The title and cover artwork were unveiled on 17 January , at a special launch event at the InterContinental Hotel in Dubai. Carte Blanche updates James Bond's backstory to fit with the 21st century setting. Set in mid, the story takes place over the course of a week. He starts his assignment on the outskirts of Novi Sad in Serbia where an Irish sapper -turned-enforcer named Niall Dunne is planning to derail a train carrying three hundred kilograms of methyl isocyanate , dumping it into the Danube.
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Aaah Bond, you're back. We've missed you. Fans of had been left high and dry in recent years, with MGM's financial troubles putting the production of the latest cinematic outing by Daniel Craig on hold, and without any new novels since Ian Fleming Publications Ltd authorised the publication of Sebastian Faulks's spin in the Bondmobile, Devil May Care.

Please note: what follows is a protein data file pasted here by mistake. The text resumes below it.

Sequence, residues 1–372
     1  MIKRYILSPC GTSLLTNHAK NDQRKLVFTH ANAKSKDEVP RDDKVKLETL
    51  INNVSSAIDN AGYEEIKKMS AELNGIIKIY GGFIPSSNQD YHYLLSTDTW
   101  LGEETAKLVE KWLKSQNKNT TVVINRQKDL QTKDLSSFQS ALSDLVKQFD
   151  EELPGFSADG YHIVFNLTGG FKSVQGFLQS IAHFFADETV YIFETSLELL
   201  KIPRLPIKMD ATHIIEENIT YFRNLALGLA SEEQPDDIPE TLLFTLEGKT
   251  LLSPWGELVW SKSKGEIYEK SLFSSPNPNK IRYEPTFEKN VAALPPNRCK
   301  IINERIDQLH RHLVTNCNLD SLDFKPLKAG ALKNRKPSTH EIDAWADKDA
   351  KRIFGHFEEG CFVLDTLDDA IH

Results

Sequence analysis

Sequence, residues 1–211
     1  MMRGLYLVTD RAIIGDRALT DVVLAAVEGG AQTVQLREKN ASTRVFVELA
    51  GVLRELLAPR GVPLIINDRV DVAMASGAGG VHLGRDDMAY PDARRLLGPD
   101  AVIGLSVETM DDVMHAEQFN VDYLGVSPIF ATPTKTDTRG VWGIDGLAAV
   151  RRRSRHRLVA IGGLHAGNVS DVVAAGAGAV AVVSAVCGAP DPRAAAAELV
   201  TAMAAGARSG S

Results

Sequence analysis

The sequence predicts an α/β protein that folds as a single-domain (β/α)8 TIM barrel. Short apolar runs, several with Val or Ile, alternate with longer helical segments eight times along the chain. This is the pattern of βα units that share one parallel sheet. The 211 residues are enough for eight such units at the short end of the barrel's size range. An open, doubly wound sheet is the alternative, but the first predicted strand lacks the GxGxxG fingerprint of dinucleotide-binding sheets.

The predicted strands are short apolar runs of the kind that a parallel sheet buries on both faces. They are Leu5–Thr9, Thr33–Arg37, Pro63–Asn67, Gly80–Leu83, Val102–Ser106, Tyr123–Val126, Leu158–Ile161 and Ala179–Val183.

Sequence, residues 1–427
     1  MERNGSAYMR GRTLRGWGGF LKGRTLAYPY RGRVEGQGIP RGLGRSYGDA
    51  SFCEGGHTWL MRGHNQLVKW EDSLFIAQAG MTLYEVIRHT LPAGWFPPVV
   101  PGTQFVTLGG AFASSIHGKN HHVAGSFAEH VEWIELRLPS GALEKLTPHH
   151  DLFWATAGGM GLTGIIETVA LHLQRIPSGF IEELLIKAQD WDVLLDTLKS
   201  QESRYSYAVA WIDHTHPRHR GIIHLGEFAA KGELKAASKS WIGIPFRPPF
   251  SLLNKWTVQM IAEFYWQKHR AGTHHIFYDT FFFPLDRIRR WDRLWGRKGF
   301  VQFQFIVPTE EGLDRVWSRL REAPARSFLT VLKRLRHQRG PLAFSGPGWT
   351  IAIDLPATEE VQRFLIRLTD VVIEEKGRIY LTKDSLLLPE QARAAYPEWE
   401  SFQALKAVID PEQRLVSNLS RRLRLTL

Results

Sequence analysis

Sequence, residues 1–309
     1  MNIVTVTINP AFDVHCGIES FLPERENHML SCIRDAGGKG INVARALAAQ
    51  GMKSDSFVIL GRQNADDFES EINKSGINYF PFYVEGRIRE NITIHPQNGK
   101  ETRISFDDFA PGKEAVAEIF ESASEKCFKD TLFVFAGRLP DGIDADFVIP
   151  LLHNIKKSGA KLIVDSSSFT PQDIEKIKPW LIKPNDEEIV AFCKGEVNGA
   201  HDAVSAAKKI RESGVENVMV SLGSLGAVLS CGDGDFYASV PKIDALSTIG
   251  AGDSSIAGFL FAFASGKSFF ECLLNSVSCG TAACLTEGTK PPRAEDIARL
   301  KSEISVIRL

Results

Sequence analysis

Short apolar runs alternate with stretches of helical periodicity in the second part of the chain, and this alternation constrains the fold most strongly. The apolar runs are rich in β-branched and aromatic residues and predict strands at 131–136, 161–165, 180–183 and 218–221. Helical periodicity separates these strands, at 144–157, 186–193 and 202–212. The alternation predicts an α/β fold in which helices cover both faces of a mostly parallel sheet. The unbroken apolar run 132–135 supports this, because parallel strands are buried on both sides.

Despite Devil May Care becoming the publisher's fastest selling hardback title ever, the reins have since been handed to the Chicago-born US thriller writer Jeffery Deaver. With 27 novels and 20 million book sales under his belt, there's no questioning Deaver's mass-market appeal, but would his Bond feel like the spy we know and love?
Bond is, after all, the most British of heroes, despite his unnerving capacity to regenerate in different eras more proficiently than the Doctor himself. The new novel's opening pages suggest that a classic Bond is with us once again.
There is a Serbian train derailment and is on the scene and at the centre of the action — and still home in time for three and a half hours sleep before his alarm wakes him in his Chelsea mews.